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'Gloria: A Life' review: Celebrating a feminist icon's accomplishments

Christine Lahti, left, plays political activist and women's

Christine Lahti, left, plays political activist and women's rights organizer Gloria Steinem, and Joanna Glushak portrays Congresswoman Bella Abzug, in "Gloria: A Life." Photo Credit: Joan Marcus

WHAT “Gloria: A Life”

WHERE Daryl Roth Theatre, 101 E. 15th St.

INFO Tickets from $89; ticketmaster.com, 877-250-2929

BOTTOM LINE An intelligent and participatory bio-drama about the feminist icon.

“It takes a lot of courage to follow myself,” announces Gloria Steinem.

The feminist icon showed up on Wednesday night to lead the talking circle that comprises Act 2 of “Gloria: A Life,” the intelligent, agenda-heavy biodrama now at Off-Broadway’s Daryl Roth Theatre.

In Act 1, Christine Lahti plays Steinem, and you don’t need an appearance by the real thing to recognize that the actress has perfectly captured her subject. Lahti, who has said in interviews that she and Steinem are close friends, has perfected the look (down to the stick-straight hair and the aviator glasses) and, more importantly, the intensity and fervor of the activist at the forefront of the women’s rights movement.

But playwright Emily Mann makes clear that Steinem did not walk this road alone. An ensemble of six versatile actresses portrays many of the women who joined in the trailblazing, among them Joanna Glushak, who nails the in-your-face Congresswoman Bella Abzug;  Fedna Jacquet, as civil rights advocates Dorothy Pitman Hughes and Coretta Scott King; and DeLanna Studi, as Wilma Mankiller, the first woman to be elected chief of the Cherokee Nation.

You learn fascinating bits about Steinem along the way, from interesting (she wanted to be a Rockette) to sad (living out of a house trailer, she didn’t go to school until she was 11) to surprising (she’s terrified of public speaking).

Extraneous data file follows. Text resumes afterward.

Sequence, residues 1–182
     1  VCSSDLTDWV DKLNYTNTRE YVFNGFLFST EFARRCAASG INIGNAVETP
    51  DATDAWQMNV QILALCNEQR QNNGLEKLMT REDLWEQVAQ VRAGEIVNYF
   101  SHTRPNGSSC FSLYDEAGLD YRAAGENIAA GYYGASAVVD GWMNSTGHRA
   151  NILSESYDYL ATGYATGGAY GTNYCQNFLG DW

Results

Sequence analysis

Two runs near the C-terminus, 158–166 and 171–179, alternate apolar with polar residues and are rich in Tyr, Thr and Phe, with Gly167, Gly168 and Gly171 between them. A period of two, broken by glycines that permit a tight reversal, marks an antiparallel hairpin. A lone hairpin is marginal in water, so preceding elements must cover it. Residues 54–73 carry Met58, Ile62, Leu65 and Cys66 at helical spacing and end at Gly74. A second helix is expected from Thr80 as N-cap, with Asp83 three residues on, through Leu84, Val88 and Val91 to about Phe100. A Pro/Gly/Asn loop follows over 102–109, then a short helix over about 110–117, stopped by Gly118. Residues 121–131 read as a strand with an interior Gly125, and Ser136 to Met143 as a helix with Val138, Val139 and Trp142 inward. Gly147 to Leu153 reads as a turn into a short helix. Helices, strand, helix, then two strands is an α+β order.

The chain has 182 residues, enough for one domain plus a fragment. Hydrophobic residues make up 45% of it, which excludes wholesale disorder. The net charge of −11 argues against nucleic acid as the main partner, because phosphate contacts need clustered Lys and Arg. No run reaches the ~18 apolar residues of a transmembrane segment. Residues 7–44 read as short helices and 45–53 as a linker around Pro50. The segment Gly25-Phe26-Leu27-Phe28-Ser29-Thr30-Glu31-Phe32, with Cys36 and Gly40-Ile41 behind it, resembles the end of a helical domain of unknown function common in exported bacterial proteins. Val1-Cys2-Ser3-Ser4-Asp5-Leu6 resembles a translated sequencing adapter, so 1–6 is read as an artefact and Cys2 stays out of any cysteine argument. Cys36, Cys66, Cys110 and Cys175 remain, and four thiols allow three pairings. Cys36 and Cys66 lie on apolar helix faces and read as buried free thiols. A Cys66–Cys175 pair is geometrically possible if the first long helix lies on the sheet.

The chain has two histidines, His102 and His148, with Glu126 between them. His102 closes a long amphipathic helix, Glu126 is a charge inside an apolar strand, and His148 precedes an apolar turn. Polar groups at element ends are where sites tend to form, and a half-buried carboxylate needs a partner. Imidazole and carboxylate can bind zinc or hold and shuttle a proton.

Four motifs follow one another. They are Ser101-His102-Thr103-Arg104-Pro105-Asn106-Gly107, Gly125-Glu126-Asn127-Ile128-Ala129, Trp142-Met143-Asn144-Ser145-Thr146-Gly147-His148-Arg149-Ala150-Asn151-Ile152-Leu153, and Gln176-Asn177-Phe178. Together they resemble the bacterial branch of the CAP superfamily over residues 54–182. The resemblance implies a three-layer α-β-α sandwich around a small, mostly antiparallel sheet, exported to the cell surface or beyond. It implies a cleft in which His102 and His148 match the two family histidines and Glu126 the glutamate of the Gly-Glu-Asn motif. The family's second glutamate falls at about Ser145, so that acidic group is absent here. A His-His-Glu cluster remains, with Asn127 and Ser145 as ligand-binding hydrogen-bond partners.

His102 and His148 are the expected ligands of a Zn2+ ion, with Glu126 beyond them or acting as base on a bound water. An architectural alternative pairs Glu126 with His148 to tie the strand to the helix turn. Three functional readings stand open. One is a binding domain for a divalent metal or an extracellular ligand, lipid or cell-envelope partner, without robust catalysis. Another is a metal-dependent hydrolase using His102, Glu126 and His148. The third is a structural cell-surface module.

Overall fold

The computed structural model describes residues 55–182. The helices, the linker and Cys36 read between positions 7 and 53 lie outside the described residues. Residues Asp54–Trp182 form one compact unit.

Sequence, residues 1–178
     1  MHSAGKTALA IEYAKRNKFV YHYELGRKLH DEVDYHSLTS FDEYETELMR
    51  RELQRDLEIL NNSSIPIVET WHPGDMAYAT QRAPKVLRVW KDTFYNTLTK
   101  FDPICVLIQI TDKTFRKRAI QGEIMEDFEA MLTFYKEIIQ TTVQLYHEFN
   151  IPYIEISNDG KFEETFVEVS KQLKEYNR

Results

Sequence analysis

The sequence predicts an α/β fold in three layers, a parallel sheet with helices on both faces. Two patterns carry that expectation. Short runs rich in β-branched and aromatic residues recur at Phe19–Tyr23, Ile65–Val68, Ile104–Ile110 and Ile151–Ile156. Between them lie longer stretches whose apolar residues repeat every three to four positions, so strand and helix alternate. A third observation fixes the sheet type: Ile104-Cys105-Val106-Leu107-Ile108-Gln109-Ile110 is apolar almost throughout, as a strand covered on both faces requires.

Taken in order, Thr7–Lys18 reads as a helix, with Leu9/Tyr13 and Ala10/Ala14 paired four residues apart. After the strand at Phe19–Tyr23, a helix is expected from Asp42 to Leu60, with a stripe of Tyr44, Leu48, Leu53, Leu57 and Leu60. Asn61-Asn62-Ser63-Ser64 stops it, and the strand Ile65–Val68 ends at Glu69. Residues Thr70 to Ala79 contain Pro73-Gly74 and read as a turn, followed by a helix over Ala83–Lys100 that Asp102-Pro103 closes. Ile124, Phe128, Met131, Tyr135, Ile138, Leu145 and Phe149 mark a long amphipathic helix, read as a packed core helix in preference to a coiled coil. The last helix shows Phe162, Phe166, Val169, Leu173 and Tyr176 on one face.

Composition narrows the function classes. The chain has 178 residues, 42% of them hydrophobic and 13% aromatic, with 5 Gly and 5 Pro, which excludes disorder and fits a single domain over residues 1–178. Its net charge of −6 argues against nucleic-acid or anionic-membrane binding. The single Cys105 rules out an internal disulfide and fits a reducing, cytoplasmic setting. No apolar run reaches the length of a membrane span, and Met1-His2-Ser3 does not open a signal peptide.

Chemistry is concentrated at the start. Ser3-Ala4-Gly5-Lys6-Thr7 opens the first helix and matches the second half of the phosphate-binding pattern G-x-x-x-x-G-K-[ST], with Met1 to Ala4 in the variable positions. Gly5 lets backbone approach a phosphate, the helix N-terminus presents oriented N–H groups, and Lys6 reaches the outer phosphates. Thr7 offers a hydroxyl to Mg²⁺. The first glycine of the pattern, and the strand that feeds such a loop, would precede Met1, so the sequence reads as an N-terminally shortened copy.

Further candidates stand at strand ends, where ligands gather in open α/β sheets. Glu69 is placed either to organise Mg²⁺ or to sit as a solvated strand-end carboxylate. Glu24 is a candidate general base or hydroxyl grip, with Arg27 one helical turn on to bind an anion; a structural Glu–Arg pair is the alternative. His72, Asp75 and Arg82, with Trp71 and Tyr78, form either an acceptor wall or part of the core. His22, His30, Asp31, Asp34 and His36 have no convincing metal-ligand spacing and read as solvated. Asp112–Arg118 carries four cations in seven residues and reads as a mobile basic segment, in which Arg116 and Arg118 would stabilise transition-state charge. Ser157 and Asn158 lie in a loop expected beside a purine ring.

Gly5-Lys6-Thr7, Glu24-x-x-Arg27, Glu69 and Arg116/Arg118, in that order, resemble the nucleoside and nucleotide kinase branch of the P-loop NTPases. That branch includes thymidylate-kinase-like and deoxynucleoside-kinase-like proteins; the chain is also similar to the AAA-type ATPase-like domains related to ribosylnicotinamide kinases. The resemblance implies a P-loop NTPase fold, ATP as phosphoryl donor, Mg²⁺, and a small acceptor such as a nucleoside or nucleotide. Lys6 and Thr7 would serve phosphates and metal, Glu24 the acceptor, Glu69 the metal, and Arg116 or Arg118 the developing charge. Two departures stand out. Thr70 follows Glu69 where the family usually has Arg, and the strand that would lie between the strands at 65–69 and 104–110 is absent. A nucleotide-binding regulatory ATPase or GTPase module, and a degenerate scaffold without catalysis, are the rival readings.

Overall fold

The non-linear presentation, directed with precision by Diane Paulus, traces her rise as a journalist and founder of Ms. Magazine, with significant time devoted to a story the script suggests has haunted her all her life — going undercover as a Playboy bunny. And with especially effective projections by Elaine M. McCarthy, it examines her activism, showing her marching against the war in Vietnam, joining rallies for abortion rights, civil rights and gun control, and addressing the 2017 Women’s March on Washington.

All of this leads to the final talking circle, which is clearly this production’s raison d’être — especially when Steinem takes the audience by surprise as she did this week (and will on occasion down the road, she’s already committed to Saturday’s show.) The outburst on her entrance was joyous and reverential, the spectators in awe.

But Steinem was less interested in adulation than participation, urging people to talk about what in the show resonated most. And they did, with one 24-year-old woman sobbing as she expressed her distress at seeing her country heading in the wrong direction. Exactly the reason Steinem says she wants to get people hooked on this kind of sharing. “The whole purpose of my story,” she says, “is getting you to tell your story.”

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